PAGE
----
If you own a business, you may be wondering if you should be looking into a non-compete agreement. Non-compete agreements are binding contracts between employer and employee to protect business interests.
However, having a valid non-compete agreement is not simple. According to Findlaw, in order for an employer to necessitate a non-compete agreement, the employee must be getting something of value in exchange.
What do I need to offer an employee?
In the event that you present an employee with a non-compete agreement at the time of hire, then employment is the “something of value” that you are offering the employee. Essentially, in return for agreeing to a non-compete agreement, you are offering a job.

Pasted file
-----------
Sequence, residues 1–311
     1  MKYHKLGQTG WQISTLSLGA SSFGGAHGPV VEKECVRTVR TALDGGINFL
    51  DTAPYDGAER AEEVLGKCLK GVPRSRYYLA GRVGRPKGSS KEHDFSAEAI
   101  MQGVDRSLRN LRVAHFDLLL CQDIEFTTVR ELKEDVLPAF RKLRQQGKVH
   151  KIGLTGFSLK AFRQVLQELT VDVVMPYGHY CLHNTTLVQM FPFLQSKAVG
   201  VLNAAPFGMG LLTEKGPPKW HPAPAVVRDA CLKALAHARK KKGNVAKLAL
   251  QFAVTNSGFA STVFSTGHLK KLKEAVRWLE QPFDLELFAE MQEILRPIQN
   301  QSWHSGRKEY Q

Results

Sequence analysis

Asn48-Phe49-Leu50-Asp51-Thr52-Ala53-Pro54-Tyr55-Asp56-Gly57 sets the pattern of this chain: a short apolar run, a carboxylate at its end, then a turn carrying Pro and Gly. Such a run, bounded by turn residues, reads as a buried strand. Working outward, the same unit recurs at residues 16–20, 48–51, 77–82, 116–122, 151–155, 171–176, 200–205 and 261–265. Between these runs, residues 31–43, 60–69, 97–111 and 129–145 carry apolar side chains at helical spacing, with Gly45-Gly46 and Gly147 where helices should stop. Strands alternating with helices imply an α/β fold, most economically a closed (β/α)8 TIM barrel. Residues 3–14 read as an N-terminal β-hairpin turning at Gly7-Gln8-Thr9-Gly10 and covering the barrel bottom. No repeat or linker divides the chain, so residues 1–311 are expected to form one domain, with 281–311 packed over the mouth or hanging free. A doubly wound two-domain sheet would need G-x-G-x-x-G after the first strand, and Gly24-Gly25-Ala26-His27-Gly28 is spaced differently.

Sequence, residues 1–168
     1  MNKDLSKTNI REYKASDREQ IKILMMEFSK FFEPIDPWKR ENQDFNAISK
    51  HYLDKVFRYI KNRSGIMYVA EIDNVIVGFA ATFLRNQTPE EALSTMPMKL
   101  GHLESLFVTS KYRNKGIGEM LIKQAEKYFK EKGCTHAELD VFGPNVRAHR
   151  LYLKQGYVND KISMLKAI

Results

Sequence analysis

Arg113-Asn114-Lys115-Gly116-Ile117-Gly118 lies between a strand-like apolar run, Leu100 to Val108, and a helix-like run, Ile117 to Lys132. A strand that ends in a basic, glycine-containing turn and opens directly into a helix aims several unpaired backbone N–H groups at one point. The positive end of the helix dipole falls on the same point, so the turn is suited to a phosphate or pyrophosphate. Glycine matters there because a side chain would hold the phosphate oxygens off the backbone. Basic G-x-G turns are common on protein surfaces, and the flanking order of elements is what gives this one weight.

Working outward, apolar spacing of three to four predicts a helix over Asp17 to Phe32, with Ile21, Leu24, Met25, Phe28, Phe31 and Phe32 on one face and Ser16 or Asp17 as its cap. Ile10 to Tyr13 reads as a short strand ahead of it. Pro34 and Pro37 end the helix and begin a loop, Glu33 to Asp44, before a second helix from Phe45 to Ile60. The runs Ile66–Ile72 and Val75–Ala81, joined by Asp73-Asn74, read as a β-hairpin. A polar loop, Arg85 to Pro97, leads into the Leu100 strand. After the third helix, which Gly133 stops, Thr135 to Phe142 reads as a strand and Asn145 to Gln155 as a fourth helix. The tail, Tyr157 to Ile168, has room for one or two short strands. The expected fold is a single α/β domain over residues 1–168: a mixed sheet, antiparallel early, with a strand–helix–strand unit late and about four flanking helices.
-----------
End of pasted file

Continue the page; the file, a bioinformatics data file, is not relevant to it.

However, if you are having employees sign non-compete agreements after hire, you will need to offer something else. For instance, you may offer a raise or increase vacation time.
What else must I do to have a valid non-compete agreement?
Valid non-compete agreements must be reasonable. For instance, you cannot have an employee sign a non-compete agreement which would make them unemployable if they leave your company. A court of law would declare such a non-compete agreement invalid.
In another example, you cannot prevent an employee from taking a job with another employer after their employment with you is through. However, you can have a non-compete agreement that prevents said former employee from poaching clients. If there is anything confidential about your particular business, you can use a non-compete agreement to protect sensitive information.
A valid non-compete agreement must also be reasonable in its scope. For instance, it is unlikely you can keep an employee from divulging sensitive information forever, but you can prevent it for a reasonable amount of time.
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